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August 31, 2012

Spring 2014 opening eyed for Ohio racetrack

NEW CASTLE — Penn National expects to break ground for its Austintown Hollywood Casino this fall and open for business in spring, 2014.

Timothy J. Wilmott, president and chief operating officer of the Pennsylvania-based gaming facility, delivered his message yesterday to more than 500 attending the Early Bird Salute to Business Breakfast of the Youngstown/Warren Regional Chamber of Commerce. The gathering was at Mr. Anthony’s Banquet Center in Boardman.

Presenting a video of Penn National’s history and 27 holdings in 18 states and Canada, Wilmott said “preliminary” plans are in place for the Hollywood Slots at Mahoning Valley Race Course, to be located on 184 acres in the Centerpoint Business Park near the intersection of Interstate 80 and Ohio Route 46.

A mild winter could result in a faster build and an earlier opening, he said.

Penn National Gaming Inc. is relocating two racetracks, Wilmott said. It plans to construct a 5/8-mile-long harness racetrack in Dayton, and a mile-long thoroughbred track is being moved from Columbus to Austintown.

The company is required to invest $125 million to build each facility. Each will result in about 1,000 construction jobs, about 1,000 direct and indirect jobs with a payroll of $15 million to $20 million.

Both will feature the Art Deco style favored by the parent company, and will include horse barns, grandstands at the finish line, restaurants, bars, entertainment venues, and about 2,000 parking spaces each.

Each casino will house 1,500 video lottery terminals, which are similar to slot machines.


In July, Penn National filed with the Ohio Lottery Commission for approval of video lottery terminals for its racetracks and it formally requested the Ohio Racing Commission’s approval to relocate two racetracks.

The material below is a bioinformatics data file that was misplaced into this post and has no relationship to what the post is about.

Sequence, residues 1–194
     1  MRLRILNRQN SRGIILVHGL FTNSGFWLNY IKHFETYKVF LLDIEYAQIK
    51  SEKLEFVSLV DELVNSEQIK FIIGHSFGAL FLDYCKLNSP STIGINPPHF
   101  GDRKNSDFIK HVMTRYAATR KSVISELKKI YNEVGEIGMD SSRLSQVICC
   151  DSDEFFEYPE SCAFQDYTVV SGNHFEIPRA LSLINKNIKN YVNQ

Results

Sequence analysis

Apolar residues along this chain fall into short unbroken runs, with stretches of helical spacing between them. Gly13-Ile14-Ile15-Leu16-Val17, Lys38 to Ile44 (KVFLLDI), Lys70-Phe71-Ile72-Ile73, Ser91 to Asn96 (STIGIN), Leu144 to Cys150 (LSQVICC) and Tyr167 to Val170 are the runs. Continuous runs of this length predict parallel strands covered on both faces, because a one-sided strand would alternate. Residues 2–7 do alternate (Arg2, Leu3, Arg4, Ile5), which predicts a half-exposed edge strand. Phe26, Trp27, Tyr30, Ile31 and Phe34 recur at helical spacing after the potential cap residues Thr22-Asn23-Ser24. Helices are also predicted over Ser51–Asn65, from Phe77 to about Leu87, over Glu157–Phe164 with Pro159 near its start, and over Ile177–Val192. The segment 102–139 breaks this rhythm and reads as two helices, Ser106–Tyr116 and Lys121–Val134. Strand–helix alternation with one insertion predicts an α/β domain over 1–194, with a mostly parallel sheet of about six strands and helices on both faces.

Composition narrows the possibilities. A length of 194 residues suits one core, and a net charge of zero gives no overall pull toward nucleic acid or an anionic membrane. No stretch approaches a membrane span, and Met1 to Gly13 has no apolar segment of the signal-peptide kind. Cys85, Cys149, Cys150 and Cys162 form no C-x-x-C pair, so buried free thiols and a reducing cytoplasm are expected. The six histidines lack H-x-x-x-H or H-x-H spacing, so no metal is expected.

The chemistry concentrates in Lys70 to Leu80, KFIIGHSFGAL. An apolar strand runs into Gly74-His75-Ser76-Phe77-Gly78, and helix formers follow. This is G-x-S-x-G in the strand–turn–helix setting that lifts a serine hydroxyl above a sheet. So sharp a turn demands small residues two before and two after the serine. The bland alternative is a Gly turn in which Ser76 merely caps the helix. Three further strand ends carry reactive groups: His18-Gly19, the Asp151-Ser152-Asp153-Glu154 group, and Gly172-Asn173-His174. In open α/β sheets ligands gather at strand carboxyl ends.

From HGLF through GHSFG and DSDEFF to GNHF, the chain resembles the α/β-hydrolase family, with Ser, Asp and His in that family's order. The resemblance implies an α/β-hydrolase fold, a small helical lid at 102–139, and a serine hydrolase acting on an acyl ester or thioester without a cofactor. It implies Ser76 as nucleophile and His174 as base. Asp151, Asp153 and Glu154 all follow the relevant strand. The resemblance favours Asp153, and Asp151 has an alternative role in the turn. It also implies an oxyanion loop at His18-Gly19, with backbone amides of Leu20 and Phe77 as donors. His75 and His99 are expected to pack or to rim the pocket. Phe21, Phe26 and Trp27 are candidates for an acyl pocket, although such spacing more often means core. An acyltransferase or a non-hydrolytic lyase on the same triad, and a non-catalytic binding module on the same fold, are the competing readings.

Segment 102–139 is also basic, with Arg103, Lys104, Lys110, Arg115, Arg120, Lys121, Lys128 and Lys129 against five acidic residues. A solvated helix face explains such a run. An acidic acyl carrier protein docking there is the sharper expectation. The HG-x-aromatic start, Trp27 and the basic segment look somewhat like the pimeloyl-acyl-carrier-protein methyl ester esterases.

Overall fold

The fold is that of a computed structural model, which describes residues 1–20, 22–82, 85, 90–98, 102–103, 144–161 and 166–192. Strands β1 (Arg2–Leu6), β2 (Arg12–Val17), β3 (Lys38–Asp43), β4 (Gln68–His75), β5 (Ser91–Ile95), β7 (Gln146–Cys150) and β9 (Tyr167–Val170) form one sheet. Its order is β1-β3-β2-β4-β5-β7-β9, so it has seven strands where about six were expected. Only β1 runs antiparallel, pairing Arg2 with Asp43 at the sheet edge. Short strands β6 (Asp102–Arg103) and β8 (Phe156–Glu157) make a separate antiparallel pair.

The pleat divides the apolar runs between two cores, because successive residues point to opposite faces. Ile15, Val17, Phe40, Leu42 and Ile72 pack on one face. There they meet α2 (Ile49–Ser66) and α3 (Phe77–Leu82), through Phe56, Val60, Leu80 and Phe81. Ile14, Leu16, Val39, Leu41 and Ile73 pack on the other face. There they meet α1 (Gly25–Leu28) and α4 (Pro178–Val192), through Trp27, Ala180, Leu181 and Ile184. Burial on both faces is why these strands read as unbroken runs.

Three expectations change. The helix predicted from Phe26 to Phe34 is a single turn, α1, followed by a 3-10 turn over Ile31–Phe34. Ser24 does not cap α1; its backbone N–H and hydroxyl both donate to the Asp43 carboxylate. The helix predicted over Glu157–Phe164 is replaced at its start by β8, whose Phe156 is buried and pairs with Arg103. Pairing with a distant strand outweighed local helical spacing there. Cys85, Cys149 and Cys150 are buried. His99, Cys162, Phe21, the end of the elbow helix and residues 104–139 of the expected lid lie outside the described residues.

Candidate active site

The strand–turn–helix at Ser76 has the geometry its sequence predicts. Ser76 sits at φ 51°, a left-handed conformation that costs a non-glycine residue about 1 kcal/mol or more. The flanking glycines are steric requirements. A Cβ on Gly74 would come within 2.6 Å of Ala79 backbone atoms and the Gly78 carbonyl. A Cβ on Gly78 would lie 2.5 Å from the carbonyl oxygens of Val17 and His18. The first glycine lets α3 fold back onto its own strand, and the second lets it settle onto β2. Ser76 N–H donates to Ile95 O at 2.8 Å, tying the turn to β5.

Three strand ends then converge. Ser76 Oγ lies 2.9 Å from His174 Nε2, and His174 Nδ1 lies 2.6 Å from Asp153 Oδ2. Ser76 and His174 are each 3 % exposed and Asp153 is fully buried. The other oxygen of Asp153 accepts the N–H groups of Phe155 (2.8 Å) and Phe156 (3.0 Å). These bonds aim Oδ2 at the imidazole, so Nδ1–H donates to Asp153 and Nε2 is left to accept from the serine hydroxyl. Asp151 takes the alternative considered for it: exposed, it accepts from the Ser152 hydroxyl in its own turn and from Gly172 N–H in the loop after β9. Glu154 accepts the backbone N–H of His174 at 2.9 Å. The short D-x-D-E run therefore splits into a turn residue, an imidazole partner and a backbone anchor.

Under Ohio law, up to 2,500 slot-like terminals are allowed at each of the state’s seven racetracks.

Penn National will be required to pay $50 million for each racing license and has applied for a license to relocate each track at a cost of another $75 million.

In exchange, no gaming facility would be allowed within 50 miles of new establishments for 10 years, Wilmott said.

The Austintown facility will be the first to come under this limitation. However, details of this relocation license have not yet been worked out by the Ohio legislature.

Wilmott said these fees are not required to be paid until after the facility is up and running in 2014.

 In 2009, Ohio voters approved legislation allowing four casinos to be located in Cleveland, Toledo, Columbus and Cincinnati.

On May 28, Penn National opened a new casino in Toledo, he said.  In about six weeks it plans to open one in Columbus. The decision was made to relocate racetracks in those cities, he said, “so we wouldn’t be competing with ourselves for gaming dollars.”

He said the Youngstown area was selected  “because its population is under served” by gaming facilities.

Wilmott said this week was his first opportunity to visit the Austintown site.

He said he is pleased with the location and interstate access and joked that the facility has an environmental consideration.

“It will keep people off the roads going to New York, West Virginia and other gaming destinations.”

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